I suggest we rebel.  Fight the behavior; refuse to give attention to the perpetrator.  And focus on your congresspersons who are in a position–maybe–to halt or deter actions that we deem unacceptable.

Now, for me, it’s back to writing poetry about life and reality, not alternate facts.

Posted by: alinesoules | January 9, 2017

Singing One’s Way to Creativity

I may be a writer, but I’m also a singer, both as part of choirs and as a soloist.  My choral singing “career” (if one can call it that) has been going strong since I was three years old.  Currently, I belong to a large choir called Berkeley Community Chorus and Orchestra, which performed last weekend on the University of California, Berkeley campus.   We sang two requiems, one by Cherubini (lesser known) and one by Mozart (well known).

The choir is large, around 200 singers, and when you add an orchestra to the mix, you become a very small cog in a very large wheel.  Regardless, your voice is important and the outcome of the choir’s performance requires your presence.  This is invaluable to me on a number of fronts, not the least of which is its effect on my writing.

Choir singing is both similar to and also very different from writing.  The similarities lie in the importance of your voice, regardless of how many voices are also present and shared with the world.  Another similarity is the uniqueness of you and what you contribute.  No voice is alike (sound familiar?).

The differences lie in the community aspect of choir singing.  Writing can be solitary, although networking and meet-ups and critique groups can make it less so, but, in the end, it is you yourself who must sit down and put words on paper.  No one else can do it for you.  Singing is the opposite.  You may practice at home, but rehearsals and performance are in group.  The advantage of that is having the community as a form of “antidote” to the solitary aspects of writing.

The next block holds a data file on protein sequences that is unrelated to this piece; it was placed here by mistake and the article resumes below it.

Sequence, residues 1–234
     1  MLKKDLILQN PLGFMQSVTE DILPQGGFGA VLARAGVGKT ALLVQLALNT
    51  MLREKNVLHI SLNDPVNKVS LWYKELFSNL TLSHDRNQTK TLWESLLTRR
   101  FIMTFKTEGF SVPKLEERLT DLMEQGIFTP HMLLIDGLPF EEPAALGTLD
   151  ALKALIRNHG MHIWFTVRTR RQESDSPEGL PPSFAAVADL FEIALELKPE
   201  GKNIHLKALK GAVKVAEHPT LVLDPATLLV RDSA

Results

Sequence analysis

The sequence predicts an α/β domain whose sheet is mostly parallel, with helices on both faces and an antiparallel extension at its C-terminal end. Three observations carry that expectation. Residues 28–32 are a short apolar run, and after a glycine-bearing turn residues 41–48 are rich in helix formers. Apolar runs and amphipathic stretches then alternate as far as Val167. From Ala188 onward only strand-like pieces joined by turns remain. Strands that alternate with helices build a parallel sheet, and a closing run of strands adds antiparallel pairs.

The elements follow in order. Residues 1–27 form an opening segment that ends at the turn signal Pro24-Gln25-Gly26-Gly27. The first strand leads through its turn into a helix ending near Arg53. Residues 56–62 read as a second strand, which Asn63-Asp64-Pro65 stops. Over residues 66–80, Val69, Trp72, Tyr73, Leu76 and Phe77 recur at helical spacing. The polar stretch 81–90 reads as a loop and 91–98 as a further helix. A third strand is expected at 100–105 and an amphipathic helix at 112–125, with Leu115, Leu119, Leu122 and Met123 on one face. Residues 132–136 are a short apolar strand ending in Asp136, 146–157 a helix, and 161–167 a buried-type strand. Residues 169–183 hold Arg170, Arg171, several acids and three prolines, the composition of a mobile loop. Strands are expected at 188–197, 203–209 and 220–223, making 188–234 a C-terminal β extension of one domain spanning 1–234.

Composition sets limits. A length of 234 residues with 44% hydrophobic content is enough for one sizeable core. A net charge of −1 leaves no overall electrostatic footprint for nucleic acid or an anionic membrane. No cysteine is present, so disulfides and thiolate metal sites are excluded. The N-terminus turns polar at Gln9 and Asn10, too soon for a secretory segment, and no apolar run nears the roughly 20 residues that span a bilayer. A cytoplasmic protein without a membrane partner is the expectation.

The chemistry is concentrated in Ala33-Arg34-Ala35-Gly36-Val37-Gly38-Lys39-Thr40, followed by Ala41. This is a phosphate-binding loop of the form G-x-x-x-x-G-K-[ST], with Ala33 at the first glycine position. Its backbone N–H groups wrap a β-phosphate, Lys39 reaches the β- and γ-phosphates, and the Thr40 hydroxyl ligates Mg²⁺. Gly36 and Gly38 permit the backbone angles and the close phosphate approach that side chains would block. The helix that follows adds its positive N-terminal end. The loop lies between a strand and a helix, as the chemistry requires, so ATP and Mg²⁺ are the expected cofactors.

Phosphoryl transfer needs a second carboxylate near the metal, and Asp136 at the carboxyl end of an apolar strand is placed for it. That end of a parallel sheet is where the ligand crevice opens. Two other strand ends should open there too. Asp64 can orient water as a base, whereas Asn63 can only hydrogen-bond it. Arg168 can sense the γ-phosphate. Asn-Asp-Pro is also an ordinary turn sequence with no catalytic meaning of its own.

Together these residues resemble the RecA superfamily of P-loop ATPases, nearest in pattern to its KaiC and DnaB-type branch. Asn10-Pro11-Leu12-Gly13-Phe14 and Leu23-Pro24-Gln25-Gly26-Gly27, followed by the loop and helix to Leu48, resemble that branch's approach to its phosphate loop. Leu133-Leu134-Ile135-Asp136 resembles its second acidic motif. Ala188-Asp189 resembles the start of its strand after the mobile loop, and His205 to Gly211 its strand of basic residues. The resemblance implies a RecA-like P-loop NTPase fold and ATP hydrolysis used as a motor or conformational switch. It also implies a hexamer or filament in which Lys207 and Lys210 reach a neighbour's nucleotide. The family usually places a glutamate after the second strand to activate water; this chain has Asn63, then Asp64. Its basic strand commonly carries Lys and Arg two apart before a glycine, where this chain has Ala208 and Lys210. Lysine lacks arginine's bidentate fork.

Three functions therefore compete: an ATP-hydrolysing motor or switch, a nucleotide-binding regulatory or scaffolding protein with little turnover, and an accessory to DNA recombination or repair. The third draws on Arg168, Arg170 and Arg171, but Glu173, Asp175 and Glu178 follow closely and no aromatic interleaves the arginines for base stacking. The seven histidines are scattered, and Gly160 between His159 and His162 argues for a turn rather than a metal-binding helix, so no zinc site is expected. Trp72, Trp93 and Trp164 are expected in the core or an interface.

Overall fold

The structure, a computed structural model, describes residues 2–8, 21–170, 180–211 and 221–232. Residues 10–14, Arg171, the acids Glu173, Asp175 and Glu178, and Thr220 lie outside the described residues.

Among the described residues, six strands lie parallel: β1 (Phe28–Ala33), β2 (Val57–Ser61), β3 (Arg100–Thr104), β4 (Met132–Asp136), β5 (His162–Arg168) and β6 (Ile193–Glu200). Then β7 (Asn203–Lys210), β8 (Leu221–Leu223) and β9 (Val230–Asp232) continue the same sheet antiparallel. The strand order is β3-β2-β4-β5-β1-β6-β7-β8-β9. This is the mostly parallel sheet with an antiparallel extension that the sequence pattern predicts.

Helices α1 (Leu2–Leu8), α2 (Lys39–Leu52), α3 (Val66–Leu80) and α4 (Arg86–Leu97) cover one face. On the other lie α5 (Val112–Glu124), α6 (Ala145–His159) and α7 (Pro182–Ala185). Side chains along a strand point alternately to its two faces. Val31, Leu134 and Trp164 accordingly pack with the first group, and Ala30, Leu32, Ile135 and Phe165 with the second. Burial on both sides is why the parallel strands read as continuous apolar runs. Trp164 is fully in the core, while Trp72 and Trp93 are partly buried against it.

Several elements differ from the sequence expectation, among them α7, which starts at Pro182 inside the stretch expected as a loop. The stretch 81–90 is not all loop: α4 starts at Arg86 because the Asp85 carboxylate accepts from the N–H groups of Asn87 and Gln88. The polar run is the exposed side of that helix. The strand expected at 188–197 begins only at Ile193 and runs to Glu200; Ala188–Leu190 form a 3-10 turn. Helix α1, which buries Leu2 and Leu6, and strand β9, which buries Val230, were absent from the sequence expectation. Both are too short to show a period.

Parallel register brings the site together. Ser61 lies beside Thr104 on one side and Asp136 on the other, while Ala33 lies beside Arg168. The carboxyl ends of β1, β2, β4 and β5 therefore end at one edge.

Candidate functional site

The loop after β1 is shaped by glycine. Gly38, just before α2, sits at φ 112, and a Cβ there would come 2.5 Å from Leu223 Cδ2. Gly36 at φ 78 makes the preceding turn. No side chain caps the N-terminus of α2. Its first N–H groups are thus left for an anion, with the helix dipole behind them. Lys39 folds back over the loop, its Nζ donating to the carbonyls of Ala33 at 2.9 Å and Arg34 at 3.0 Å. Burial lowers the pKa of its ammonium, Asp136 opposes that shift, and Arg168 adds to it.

The other difference is in the oxygenation of the body.   Normally, I’m a sleepyhead by 9 or 10 pm at night; however, when I performed last Friday, I was fully oxygenated from deep breathing and when we ended around 10:30 or 11 pm, I was wide awake.  I went out with choir friends to a restaurant and didn’t get home until 12:30 am or to sleep until close to 2pm

Ever sit and write at your computer until your bum is numb?  Trust me, your brain is probably numb, too.  My choir experience has changed how I write physically.  I get up and move around.  I sit at my computer as much as the next person, but when I need to think, I get up and pace around.  I also make sure that I go for a walk at least two or three times a day, unless my writing time is only an hour or so that day.  I work full-time as a library faculty member, so it’s more likely to be a weekend day when I spend hours writing.

The point of this post is that most of us need other activities to inform our writing.  For me, choir singing has proved a wonderful foil for writing–giving me community I don’t have as a writer, but reminding me of the importance of voice and the importance of moving around to keep my lungs oxygenated (which also feeds my brain).